Coalition of activist groups pens open letter to Tim Cook over human rights failings
What you need to know
- A coalition of 154 activist groups has written to Apple over its failure to protect freedom of information and expression.
- The group says Apple has failed to enact its own human rights policy introduced earlier this year.
- The letter also criticizes lobbying efforts to undermine the Uyghur Forced Labor Prevention Act, continued repression of Apple Store employees in Hong Kong, and more.
A coalition of more than 150 activist groups has penned an open letter to Apple CEO Tim Cook highlighting the company's failure to enact its own human rights policy.
The letter, published today, was written by 154 groups representing Tibetan, Uyghur, Southern Mongolian, Hongkonger, Taiwanese, and Chinese people, in response to Apple's "continued failure to protect freedom of information and expression" despite a new human rights policy it introduced in August.
From the letter:
However, the letter says that writing a policy document is not enough, and highlighted several failings from Apple since despite dialogue with many groups from within the coalition. Specifically the letter highlights:
- Apple's lobbying efforts to undermine and make less transparent Apple's responsibilities under the Uyghur Forced Labor Prevention Act"
- The "continued repression" of freedom of expression by banning Hong Kong Apple Store employees from publicly support the pro-democracy movement, as well as censoring pro-freedom and pro-democracy slogans for product engraving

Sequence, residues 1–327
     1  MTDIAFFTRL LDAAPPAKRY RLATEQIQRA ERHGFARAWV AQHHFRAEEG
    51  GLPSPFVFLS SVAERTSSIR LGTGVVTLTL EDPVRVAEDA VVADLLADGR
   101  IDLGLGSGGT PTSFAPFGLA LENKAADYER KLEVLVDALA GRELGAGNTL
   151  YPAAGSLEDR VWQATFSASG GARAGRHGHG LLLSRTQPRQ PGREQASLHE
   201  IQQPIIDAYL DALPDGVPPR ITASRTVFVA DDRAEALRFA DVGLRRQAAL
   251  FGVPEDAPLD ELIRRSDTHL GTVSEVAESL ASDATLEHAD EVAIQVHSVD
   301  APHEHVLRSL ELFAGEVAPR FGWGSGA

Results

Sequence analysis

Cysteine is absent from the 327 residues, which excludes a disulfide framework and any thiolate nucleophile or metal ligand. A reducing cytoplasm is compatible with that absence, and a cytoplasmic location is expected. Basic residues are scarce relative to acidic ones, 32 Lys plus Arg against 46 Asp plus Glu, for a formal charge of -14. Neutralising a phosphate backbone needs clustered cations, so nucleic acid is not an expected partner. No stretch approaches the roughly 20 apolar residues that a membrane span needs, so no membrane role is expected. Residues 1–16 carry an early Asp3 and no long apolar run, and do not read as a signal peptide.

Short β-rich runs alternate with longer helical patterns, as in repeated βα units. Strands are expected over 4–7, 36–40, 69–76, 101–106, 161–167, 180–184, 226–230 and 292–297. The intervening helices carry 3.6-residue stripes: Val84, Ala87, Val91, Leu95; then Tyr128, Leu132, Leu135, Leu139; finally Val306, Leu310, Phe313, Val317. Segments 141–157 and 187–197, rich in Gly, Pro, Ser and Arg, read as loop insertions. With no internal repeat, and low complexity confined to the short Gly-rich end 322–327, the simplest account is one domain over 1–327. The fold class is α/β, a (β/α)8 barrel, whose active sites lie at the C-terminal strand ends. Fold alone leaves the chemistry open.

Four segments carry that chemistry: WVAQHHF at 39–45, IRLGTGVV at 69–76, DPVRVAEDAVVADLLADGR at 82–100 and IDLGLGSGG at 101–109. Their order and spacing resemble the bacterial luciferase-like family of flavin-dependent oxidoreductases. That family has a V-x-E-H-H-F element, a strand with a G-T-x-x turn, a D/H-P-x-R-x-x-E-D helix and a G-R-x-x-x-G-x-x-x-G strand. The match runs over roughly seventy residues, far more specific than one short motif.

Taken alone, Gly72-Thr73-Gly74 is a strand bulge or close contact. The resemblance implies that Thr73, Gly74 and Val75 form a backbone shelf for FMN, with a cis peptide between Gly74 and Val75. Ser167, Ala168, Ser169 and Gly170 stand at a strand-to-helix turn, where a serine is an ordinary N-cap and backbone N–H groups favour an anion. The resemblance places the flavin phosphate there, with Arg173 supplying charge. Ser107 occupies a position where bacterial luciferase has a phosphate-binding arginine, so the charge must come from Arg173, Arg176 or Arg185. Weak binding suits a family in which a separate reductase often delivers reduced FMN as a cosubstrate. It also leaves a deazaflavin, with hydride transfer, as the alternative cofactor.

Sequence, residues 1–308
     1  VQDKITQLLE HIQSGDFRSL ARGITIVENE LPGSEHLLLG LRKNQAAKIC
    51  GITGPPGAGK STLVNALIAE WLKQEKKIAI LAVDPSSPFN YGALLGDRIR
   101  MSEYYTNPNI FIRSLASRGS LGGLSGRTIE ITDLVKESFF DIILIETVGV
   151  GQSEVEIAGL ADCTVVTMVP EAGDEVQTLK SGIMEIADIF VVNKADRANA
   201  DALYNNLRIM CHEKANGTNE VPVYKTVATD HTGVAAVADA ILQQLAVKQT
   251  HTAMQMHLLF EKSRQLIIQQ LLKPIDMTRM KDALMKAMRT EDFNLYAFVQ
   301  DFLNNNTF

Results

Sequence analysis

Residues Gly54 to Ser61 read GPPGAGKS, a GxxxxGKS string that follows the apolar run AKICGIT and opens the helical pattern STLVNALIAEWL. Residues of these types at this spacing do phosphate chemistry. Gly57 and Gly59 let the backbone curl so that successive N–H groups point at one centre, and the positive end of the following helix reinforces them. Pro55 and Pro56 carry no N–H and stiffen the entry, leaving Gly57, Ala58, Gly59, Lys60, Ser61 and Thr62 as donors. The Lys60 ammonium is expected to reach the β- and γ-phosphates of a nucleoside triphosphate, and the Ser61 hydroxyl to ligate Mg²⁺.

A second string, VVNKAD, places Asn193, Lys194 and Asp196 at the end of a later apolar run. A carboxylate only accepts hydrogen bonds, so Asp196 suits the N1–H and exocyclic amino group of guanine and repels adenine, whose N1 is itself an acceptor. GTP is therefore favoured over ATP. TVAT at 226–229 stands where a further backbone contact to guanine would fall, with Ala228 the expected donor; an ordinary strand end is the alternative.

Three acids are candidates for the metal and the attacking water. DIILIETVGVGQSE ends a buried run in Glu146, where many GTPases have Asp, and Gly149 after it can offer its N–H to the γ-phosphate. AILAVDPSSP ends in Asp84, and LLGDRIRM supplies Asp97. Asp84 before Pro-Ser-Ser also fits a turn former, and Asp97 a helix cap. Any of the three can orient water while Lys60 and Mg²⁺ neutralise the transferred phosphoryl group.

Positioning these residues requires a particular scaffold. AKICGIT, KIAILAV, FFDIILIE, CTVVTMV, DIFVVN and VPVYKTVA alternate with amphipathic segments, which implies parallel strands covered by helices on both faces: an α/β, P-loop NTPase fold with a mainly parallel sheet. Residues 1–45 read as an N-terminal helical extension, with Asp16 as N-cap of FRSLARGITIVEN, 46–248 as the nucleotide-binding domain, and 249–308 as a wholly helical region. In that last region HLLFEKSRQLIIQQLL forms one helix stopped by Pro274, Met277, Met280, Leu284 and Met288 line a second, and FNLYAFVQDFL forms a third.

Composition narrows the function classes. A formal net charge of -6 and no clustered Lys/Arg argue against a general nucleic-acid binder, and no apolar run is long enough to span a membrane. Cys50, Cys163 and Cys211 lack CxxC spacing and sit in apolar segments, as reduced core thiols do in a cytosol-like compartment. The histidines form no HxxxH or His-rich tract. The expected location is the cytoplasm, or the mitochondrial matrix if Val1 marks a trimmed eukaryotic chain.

- Failure to detail mechanisms for implementing the commitments laid out in Apple's Human Rights Policy
The group further highlighted repression across China:
The letter also accuses Apple of enabling violations of human rights in Hong Kong, in particular the sentencing of several pro-democracy activists who had "evidence" leveraged against them in court, seemingly extracted from a locked iPhone.
The group says Apple "simply cannot continue to repeat the age-old rhetoric that engagement is the pathway forward to improving human rights in China and regions under the Chinese government's control, and that the Company's hands are tied given national law."
Whilst the coalition recognizes there is no "magic wand", it says that people need Apple "to take concrete steps" towards making changes.
In a press release accompanying the letter, the coalition stated:
Pema Doma, from Students for a Free Tibet, said that by blocking the vote, Apple was "trying to silence us", and wanted to "brush Chinese, Uyghur, Tibetan, and Hongkonger human rights under the carpet" whilst bowing to CCP censorship demands.
SumOfUs's Vicky Wyatt stated that Apple's human rights policy was "nothing but empty words", and that Apple had doubled down on censorship whilst stating it values free expression.
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Stephen Warwick has written about Apple for five years at iMore and previously elsewhere. He covers all of iMore's latest breaking news regarding all of Apple's products and services, both hardware and software. Stephen has interviewed industry experts in a range of fields including finance, litigation, security, and more. He also specializes in curating and reviewing audio hardware and has experience beyond journalism in sound engineering, production, and design.
Before becoming a writer Stephen studied Ancient History at University and also worked at Apple for more than two years. Stephen is also a host on the iMore show, a weekly podcast recorded live that discusses the latest in breaking Apple news, as well as featuring fun trivia about all things Apple. Follow him on Twitter @stephenwarwick9